It appears that orthokeratology is safe for the types of patients who participated in this study, but it may require more patient monitoring than would be needed to achieve and maintain a physiologically acceptable fit with conventional hard contact lens prescriptions.
Orthokeratology produces modest reductions in myopia; however, the effect will not persist without continued lens wear and therefore is of limited clinical value in permanently reducing myopia.
Brand RJ, Polse KA, Schwalbe JS: The Berkeley Orthokeratology Study part 1: General conduct of the study. Am J Optometry and Physiological Optics 60: 175-186, 1983.
Polse KA, Brand RJ, Keener RJ, Schwalbe JS, Vastine DW: The Berkeley Orthokeratology Study, part III Safety. Am J Optometry and Physiological Optics 60: 321-328, 1983.
Polse KA, Brand RJ, Schwalbe JS, Vastine DW, Keener RJ: The Berkeley Orthokeratology Study, part II: Efficacy and duration. Am J Optometry and Physiological Optics 60: 187-198, 1983.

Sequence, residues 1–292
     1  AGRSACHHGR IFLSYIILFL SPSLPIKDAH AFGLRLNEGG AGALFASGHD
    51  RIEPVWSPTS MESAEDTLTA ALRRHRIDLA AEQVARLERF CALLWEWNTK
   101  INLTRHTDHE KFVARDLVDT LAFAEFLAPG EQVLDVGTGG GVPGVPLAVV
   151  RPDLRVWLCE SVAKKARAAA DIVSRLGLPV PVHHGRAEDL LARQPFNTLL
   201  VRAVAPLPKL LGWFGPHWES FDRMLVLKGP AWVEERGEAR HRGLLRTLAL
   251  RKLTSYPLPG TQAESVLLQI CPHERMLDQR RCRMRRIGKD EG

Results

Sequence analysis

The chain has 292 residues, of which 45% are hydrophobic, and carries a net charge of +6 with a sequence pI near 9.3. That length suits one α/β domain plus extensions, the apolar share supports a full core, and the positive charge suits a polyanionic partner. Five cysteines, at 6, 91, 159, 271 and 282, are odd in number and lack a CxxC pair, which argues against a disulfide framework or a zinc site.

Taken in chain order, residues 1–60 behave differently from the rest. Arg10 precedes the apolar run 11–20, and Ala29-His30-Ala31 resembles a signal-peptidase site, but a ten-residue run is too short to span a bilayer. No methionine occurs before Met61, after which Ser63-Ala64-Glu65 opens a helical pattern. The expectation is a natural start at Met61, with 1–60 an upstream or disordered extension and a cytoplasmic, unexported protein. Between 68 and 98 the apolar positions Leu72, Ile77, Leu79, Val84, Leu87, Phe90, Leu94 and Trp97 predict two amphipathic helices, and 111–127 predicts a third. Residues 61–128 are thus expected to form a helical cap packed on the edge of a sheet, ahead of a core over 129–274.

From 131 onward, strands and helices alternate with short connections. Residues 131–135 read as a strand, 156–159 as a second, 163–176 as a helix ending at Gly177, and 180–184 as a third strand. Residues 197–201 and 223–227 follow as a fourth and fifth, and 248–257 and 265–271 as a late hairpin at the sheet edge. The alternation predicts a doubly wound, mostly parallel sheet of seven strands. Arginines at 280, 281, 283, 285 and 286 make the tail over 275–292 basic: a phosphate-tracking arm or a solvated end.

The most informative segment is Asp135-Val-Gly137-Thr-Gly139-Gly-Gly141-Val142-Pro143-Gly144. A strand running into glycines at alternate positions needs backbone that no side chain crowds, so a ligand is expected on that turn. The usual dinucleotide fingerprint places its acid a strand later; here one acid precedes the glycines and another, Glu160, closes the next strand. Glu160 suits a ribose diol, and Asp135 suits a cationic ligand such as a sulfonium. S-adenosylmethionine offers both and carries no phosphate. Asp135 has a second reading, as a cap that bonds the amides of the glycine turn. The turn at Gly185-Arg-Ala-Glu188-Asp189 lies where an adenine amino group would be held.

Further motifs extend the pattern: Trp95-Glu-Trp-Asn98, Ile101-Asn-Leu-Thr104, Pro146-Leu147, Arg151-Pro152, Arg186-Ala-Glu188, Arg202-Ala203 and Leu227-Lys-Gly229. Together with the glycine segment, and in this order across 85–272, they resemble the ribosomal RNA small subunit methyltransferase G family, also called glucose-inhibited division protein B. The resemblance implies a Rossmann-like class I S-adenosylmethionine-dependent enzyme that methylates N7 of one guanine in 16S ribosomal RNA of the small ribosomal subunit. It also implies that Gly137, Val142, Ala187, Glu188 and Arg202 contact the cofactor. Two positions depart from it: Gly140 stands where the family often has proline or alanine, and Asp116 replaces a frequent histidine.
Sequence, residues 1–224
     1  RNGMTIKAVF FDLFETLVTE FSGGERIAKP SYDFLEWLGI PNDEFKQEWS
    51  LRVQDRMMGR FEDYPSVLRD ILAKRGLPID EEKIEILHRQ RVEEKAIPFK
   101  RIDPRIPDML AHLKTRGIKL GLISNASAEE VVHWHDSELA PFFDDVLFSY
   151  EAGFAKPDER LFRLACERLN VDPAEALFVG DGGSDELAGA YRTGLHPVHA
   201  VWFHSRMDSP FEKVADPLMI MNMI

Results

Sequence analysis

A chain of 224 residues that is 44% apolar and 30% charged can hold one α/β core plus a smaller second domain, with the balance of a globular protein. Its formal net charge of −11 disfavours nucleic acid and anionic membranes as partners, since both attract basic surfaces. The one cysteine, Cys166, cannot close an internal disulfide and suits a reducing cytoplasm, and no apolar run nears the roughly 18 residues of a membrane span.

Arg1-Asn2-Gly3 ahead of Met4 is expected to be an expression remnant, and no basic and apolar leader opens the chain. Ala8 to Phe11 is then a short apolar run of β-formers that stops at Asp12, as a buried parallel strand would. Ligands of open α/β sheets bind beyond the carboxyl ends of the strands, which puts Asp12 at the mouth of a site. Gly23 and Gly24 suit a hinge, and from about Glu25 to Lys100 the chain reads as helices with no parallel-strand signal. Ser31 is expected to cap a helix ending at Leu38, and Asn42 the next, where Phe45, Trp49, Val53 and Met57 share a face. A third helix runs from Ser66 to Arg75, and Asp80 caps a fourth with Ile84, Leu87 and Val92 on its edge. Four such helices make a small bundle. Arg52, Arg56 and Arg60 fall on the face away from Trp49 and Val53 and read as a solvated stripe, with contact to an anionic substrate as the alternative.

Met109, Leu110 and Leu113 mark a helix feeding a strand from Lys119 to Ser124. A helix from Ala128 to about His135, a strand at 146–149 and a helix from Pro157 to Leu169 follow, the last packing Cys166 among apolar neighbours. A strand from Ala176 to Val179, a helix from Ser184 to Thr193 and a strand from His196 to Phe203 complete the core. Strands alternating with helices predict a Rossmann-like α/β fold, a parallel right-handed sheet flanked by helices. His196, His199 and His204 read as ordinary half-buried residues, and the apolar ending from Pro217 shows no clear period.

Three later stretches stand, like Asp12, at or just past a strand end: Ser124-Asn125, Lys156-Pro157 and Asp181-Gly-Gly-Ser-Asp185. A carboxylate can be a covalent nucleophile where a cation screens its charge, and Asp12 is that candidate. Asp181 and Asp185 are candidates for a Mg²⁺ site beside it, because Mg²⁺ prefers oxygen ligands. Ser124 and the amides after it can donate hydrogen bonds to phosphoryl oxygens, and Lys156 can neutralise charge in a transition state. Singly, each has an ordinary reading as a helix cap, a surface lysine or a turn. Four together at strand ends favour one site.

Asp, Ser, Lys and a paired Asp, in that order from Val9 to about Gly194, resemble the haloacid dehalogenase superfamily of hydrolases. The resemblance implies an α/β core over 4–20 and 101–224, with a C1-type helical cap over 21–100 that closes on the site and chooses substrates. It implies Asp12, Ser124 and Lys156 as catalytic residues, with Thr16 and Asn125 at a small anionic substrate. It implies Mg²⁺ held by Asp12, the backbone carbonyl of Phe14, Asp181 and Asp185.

Polse KA, Brand RJ, Schwalbe JS, Vastine DW: Corneal Change Accompanying Orthokeratology: Plastic or elastic? Results of a randomized controlled clinical trial. Arch Ophthalmology 101: 1873-1878, 1983.
Polse KA, Brand RJ: Contact lens effects on ametropia: A current example of the clinical trial. Am J Optometry and Physiological Optics 58: 281-288, 1981.
Kenneth A. Polse, O.D.
School of Optometry
University of California, Berkeley
525 Minor Hall Annex
Berkeley, CA 94720
Telephone: (510) 642-7745
Donald F. Everett, M.A.
National Eye Institute
National Institutes of Health
Executive Plaza South, Suite 350
6120 Executive Boulevard MSC 7164
Bethesda, MD 20892-7164
Telephone: (301) 496-5983
Fax: (301) 402-0528
Last Updated: 10/21/99